Write Your Tiltfile

A Tiltfile can be broken down in to three things: Kubernetes YAML, Docker images and resources. In this doc we’ll step through all three concepts so you can learn to write your own Tiltfiles with gusto!

To start here’s an illustrative example that uses most of the features of Tilt.

## Part 1: Kubernetes YAML

# one yaml file
k8s_yaml("k8s.yaml")

# list of yaml files
k8s_yaml(['foo.yaml', 'bar.yaml'])

# run a custom command to generate yaml
k8s_yaml(local('gen_k8s_yaml.py'))

# we also handle common tools to generate yaml
k8s_yaml(kustomize('config_dir'))
k8s_yaml(helm('chart_dir'))

## Part 2: Images

# docker build ./frontend
docker_build("companyname/frontend", "frontend")

# docker build with specific Dockerfile
docker_build("companyname/backend", "backend", dockerfile="backend/Dockerfile.dev")

# docker build with build args
docker_build("companyname/graphql", "graphql", build_args={"target": "local"})

## Part 3: Resources

# give a resource a name that's different than the base name of the image
k8s_resource("backend", image="companyname/backend/server")

# connect to a specific local port
k8s_resource("frontend", port_forwards=9000)

Let’s dig in to each of these sections in detail.

Part 1: Kubernetes YAML

Start by telling Tilt about your Kubernetes YAML:

# one yaml file
k8s_yaml("k8s.yaml")

Now Tilt will deploy any Kubernetes objects defined in the YAML. A k8s_yaml function call is all you need to have a functioning Tiltfile.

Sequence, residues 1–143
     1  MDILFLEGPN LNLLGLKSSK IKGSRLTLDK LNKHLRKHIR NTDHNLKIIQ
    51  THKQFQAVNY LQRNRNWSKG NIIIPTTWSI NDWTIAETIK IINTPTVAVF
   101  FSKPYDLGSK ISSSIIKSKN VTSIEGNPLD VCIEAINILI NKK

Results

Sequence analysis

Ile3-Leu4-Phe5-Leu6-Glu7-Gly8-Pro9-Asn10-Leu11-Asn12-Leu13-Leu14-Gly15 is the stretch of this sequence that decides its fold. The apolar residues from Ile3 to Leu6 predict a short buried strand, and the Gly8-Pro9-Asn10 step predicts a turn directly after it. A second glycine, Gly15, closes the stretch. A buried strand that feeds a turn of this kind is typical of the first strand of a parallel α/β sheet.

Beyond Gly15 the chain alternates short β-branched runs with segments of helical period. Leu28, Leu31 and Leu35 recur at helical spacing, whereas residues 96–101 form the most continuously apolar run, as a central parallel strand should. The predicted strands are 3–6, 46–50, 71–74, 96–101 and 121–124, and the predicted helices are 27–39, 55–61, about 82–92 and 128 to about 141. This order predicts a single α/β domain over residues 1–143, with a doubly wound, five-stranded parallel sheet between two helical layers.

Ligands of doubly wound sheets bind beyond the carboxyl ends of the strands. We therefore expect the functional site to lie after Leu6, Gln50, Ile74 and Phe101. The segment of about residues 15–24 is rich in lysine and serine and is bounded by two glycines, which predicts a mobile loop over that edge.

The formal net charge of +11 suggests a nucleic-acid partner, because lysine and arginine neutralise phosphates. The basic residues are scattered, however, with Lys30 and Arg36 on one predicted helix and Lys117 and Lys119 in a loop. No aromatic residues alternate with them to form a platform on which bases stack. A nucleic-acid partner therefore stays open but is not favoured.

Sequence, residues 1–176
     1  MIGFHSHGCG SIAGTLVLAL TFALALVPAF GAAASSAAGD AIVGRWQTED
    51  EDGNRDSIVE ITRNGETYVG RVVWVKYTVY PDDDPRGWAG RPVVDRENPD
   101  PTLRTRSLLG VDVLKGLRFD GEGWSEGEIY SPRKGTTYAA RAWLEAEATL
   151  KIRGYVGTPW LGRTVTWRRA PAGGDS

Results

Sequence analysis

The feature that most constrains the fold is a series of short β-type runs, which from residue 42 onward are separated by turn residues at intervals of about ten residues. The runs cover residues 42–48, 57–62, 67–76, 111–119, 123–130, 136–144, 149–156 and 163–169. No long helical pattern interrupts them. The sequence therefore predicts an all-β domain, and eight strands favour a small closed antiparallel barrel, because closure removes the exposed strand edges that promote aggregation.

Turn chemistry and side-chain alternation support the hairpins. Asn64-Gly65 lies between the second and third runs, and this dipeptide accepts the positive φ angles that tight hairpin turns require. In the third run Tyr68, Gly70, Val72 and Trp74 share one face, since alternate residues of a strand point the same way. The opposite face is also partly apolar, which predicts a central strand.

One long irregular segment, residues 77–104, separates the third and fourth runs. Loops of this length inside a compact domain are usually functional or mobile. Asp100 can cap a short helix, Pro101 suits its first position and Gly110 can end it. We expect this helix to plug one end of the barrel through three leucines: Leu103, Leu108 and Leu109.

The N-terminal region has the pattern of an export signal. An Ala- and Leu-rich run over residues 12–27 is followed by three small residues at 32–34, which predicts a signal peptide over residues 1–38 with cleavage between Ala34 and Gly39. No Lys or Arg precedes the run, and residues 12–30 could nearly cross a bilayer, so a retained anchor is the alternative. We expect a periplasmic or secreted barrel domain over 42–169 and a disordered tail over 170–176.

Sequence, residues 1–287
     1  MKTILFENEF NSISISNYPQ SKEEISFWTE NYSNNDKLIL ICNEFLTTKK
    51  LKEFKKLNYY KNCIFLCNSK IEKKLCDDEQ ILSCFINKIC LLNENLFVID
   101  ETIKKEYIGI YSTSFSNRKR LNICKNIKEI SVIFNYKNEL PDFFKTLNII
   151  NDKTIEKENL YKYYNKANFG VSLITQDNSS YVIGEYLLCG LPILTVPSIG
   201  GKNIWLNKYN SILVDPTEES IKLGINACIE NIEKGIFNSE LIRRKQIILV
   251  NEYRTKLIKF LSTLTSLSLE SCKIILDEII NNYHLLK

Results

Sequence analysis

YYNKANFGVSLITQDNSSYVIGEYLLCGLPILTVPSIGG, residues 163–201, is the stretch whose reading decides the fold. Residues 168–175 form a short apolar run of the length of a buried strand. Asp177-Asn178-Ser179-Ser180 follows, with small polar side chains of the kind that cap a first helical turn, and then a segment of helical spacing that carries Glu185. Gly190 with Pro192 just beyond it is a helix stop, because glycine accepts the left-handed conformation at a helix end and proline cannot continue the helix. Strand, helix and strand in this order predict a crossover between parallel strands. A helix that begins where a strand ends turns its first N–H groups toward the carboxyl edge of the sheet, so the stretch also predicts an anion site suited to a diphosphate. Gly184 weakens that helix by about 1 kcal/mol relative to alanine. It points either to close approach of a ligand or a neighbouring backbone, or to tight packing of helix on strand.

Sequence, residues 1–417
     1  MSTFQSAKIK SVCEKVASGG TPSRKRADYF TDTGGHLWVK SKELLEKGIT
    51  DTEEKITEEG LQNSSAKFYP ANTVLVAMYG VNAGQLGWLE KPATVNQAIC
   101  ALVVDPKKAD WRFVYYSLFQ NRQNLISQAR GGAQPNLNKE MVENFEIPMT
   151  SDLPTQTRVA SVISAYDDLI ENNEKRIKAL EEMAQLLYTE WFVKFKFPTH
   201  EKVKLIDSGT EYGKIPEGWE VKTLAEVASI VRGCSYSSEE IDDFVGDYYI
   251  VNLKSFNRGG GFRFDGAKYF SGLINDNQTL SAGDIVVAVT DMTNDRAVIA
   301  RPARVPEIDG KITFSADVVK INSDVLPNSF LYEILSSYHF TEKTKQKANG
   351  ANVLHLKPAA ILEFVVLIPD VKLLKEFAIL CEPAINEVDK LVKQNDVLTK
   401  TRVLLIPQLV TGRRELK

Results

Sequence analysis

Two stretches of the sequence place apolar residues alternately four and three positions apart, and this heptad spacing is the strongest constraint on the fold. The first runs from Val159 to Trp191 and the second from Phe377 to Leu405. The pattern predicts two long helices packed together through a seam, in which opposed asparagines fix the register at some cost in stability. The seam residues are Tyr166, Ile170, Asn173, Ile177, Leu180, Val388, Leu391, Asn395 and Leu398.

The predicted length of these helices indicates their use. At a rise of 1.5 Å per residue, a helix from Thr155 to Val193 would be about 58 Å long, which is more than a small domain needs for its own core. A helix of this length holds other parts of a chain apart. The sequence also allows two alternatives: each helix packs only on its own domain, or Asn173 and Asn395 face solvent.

Sometimes you organize your YAML in to multiple files or generate it via a script. Tilt supports those cases too:

# list of yaml files
k8s_yaml(['foo.yaml', 'bar.yaml'])

# run kustomize to generate yaml
k8s_yaml(kustomize('config_dir'))

# run a custom command to general yaml
k8s_yaml(local('gen_k8s_yaml.py'))

Part 2: Images

Next tell Tilt about all your Dockerfiles but to get the most out of Tilt you need to tell it about your Dockerfiles. You tell Tilt to build a Dockerfile like so:

# docker build ./frontend
docker_build("companyname/frontend", "frontend")

Tilt extracts the Kubernetes objects that reference this image in to a new “Resource”, discussed below.

Options to Docker build

You can also specify advanced configuration options, such as custom Dockerfile paths or build arguments:

# docker build ./frontend
docker_build("companyname/frontend", "frontend")

# docker build with specific Dockerfile
docker_build("companyname/backend", "backend", dockerfile="backend/Dockerfile.dev")

# docker build with build args
docker_build("companyname/graphql", "graphql", args={"target": "local"})

Part 3: Resources

Tilt automatically defines Tilt Resources. Tilt Resources represent logical groupings of images and Kubernetes YAML. Tilt by default takes the last path segment in your image name and uses that as the name of the resource. So for example:

# name: server
docker_build("companyname/backend/server", ".")

If you want to modify Tilt Resources you can make them explicit.

# by default, resources are named after the basename of the image (here, `server`).
# This gives it a different name (`backend`)
k8s_resource("backend", image="companyname/backend/server")

You can also add a Kubernetes port forward to this resource.

# connect to a specific local port
k8s_resource("backend", image="companyname/backend/server", port_forwards=9000)

Next steps

That’s it! We just covered everything you need to know to get your microservices running locally using Tilt. To see everything you can do with Tilt check out the Tiltfile API reference.